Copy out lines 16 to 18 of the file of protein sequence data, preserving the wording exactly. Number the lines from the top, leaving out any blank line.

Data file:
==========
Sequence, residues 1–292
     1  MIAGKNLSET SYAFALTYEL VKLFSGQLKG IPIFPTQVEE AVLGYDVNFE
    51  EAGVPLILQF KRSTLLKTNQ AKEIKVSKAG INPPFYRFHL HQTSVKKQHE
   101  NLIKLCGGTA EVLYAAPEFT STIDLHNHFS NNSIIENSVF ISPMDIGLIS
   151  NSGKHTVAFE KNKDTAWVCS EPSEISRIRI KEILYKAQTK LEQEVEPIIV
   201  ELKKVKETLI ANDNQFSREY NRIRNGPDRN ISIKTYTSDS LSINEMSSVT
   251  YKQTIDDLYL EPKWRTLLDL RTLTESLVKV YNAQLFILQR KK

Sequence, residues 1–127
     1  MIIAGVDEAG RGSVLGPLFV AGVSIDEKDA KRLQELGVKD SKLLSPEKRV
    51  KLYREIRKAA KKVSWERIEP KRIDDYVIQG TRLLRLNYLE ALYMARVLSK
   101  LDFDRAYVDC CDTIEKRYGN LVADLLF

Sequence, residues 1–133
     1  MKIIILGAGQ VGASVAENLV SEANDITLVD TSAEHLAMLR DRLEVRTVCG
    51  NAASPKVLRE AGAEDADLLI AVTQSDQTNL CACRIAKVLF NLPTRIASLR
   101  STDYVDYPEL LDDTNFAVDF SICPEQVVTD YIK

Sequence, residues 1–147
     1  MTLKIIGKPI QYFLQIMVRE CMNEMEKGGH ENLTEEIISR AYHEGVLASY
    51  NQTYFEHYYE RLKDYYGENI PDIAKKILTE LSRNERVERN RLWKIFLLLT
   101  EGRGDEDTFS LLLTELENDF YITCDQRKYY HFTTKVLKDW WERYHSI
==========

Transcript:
Sequence, residues 1–147
     1  MTLKIIGKPI QYFLQIMVRE CMNEMEKGGH ENLTEEIISR AYHEGVLASY
    51  NQTYFEHYYE RLKDYYGENI PDIAKKILTE LSRNERVERN RLWKIFLLLT